Although the linguistic and conceptual progression from the “trophic structure of the human economy” (with the focus on the real sector) to the “trophic origins of money” (moving into the monetary sector) to the “trophic theory of money” (with the focus on GDP and money supplies as indicators of environmental impact) isn’t neatly demarcated, by 2009 CASSE featured an online briefing statement called “The Trophic Theory of the Economy,” and by early 2010 I published the first Daly News article on the “trophic theory of money” per se.
Since then, the TTOM has been a fixture at CASSE, in CASSE research projects, and in CASSE communications including presentations, books, the Daly News, Steady State Herald, The Steady Stater podcast, and social media, including YouTube. It’s as much a part of CASSE as the laws of thermodynamics or the concept of throughput. In fact, it builds upon said laws and concept, adding value such that a clear linkage between GDP growth and the growing ecological footprint can be clearly envisioned and diagrammed.
One critic has suggested that the TTOM, while correct, applies only to the evolutionary roots of money, but is irrelevant for thinking about modern monetary policy. My response is to invoke recapitulation theory from evolutionary ecology, summarized succinctly with the phrase “ontogeny recapitulates phylogeny.” Just as the development of a fetus in a placental mammal roughly mirrors an evolutionary pathway from a single-celled organism to the full-blown species, so does the trophic origin of money (that is, agricultural and extractive surplus) “authorize” the existence of real (meaning adjusted for inflation) money today. It’s not a perfect analogy, but metaphorically we might say, “Monetary ontogeny recapitulates monetary phylogeny.” The biggest difference is that recapitulation theory is shaky; not so with the TTOM.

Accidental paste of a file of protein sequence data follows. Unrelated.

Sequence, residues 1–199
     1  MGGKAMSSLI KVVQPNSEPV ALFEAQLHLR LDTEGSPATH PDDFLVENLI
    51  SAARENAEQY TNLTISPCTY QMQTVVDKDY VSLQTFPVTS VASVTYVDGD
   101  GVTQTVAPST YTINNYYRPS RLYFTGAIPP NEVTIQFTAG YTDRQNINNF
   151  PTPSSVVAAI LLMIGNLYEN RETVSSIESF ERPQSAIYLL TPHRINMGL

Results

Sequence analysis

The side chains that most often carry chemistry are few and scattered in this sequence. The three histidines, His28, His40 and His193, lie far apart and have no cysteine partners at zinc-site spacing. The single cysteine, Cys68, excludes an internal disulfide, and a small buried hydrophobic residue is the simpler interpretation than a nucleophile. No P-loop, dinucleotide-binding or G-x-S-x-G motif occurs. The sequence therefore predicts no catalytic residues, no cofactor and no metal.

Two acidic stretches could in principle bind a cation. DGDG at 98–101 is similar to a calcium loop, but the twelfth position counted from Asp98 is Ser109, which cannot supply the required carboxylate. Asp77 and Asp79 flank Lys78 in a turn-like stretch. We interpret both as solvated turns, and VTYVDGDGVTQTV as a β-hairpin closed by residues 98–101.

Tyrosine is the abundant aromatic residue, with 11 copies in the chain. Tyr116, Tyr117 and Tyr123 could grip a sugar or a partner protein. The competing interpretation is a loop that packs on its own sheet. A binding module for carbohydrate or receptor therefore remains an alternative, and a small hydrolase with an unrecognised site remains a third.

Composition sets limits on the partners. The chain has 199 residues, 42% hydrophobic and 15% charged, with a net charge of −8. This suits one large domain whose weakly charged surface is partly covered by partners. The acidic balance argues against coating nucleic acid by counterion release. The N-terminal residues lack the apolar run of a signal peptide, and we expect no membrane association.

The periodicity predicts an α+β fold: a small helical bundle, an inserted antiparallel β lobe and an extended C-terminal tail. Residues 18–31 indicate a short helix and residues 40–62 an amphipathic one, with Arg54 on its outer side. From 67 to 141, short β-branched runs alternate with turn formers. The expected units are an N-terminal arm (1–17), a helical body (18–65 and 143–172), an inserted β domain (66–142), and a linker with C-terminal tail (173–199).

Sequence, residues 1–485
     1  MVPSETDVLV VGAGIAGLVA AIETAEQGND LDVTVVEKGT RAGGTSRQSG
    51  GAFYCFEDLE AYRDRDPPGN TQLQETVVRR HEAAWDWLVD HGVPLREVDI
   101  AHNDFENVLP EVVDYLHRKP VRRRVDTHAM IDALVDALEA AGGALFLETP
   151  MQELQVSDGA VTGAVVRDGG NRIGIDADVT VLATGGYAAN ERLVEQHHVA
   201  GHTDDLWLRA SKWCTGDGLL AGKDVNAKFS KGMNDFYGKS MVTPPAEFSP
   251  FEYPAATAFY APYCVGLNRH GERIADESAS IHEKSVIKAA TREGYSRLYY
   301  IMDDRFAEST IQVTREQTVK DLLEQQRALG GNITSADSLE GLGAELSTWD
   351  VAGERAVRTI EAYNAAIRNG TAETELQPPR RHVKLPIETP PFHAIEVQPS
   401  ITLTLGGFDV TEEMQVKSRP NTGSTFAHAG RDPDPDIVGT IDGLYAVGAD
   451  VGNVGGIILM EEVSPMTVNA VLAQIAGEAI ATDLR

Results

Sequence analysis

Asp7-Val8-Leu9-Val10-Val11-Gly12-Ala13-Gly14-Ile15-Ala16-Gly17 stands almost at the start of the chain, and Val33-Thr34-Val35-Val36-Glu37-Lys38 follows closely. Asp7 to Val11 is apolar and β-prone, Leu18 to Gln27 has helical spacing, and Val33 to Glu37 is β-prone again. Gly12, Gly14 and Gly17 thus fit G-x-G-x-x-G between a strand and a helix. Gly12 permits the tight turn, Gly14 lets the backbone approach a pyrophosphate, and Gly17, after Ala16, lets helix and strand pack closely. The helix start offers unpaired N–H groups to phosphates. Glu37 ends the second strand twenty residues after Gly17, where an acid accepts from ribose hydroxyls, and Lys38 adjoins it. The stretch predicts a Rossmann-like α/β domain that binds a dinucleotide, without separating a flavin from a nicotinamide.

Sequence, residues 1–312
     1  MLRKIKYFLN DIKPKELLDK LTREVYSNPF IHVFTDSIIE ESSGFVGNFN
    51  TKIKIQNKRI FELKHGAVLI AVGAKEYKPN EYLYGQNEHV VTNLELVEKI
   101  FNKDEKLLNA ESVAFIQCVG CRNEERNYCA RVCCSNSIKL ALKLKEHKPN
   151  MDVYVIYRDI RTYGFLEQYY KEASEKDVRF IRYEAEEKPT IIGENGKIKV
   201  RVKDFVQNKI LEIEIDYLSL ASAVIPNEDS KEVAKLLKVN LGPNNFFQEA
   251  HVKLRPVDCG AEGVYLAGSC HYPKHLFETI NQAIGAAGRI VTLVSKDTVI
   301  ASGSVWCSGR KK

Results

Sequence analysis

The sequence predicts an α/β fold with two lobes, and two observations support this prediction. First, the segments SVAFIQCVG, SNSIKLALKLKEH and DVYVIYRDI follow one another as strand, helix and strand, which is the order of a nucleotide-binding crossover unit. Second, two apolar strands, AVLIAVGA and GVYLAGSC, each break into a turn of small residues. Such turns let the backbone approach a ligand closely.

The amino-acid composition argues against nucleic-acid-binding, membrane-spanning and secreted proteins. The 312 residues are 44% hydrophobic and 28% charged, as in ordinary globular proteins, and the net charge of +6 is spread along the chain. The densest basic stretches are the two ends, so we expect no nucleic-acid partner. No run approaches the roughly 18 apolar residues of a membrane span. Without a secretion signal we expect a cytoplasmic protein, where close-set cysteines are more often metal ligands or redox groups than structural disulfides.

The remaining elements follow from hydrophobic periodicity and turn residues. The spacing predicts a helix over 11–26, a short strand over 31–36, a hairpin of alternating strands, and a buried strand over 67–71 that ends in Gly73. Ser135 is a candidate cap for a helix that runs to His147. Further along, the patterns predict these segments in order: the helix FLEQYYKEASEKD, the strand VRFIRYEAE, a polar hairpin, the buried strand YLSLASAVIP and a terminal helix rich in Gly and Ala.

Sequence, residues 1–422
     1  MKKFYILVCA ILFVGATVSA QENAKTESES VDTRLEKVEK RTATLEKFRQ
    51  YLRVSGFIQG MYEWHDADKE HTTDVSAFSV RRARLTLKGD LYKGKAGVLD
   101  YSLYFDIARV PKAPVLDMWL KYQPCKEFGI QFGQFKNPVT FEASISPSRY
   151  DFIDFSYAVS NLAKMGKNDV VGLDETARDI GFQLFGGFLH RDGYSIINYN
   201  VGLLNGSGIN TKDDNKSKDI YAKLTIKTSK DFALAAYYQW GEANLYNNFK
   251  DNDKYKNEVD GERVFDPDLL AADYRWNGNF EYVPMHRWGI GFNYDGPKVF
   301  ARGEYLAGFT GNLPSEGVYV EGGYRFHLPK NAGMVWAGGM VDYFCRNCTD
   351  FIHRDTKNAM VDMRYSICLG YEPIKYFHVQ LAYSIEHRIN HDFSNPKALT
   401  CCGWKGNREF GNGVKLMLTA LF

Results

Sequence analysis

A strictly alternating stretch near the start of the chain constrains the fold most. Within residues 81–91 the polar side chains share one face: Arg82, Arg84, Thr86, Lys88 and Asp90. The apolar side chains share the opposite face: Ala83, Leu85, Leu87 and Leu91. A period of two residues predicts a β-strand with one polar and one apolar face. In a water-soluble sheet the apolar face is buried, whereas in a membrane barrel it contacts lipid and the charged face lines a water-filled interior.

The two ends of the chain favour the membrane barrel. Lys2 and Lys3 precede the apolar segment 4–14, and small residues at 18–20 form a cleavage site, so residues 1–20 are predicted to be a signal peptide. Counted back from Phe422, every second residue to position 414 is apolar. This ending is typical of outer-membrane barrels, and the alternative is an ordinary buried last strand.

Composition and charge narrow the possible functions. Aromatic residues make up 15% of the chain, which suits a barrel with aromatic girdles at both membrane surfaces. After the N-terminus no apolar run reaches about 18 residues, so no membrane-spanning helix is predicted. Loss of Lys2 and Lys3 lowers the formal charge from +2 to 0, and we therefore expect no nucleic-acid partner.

You can judge for yourself, but I’ll conclude with a story—a lesson in epistemology no less—and challenge you to put yourself therein. You’re seated in a packed symposium on economic growth and fish conservation at the 2005 conference of the American Fisheries Society (AFS) in Anchorage, Alaska. A position on economic growth (modeled after the CASSE position) is being proposed for adoption by AFS. The speaker presents the position in a very deliberate manner, with one slide devoted to each of the 16 clauses. After each slide, he asks the audience if there is any disagreement. No disagreement adheres to the seven “whereas” clauses, so the presenter continues with the nine “therefore” clauses, including the “fundamental conflict between economic growth and fish conservation” clause. Again, no disagreement.
Next, in the discussion about AFS adopting the position—not a single clause of which has been disagreed with—three neoclassical economists complain vociferously that there must be something wrong, because there is no conflict between economic growth and fish conservation! You put on your psychotherapist hat and ponder the particular form of cognitive dissonance so bluntly displayed. End of story.
Now it’s true that a collection of phenomena can sometimes produce emergent properties; that is, subsequent, more sweeping phenomena that aren’t necessarily indicated by the “sum” of the lesser phenomena. Usually, though, any mystery is solved by the addition of lesser phenomena left out of the original collection. Wisdom might just boil down to parsimonious collecting of the relevant facts, as opposed to sophistic parceling of epicycles and equants designed to support a predetermined conclusion.
I’ll conclude with a challenge: Study the trophic theory of money as laid out most recently and see if you can find an invalid assumption or an unsound conclusion. If so, is it a fatal flaw, or something to be corrected conceptually? What is in most need of empirical corroboration? Does the TTOM supersede or counter any existing theories or concepts?
If the theory is sound, as I’ve diligently concluded, then we’re onto something. We have a contribution to a supra-Dalyist steady-state economics, one that gets us past the “Seven Dwarves Hump” of public policy futility. We can go straight to the policy table and call not only for “stabilizing throughput” (which might get us a wink and a prayer), but for stabilizing GDP itself, which will get us closer to stabilizing throughput than we’ve been in centuries.
That’s the mother lode of steady statesmanship.
Brian Czech is the executive director of CASSE.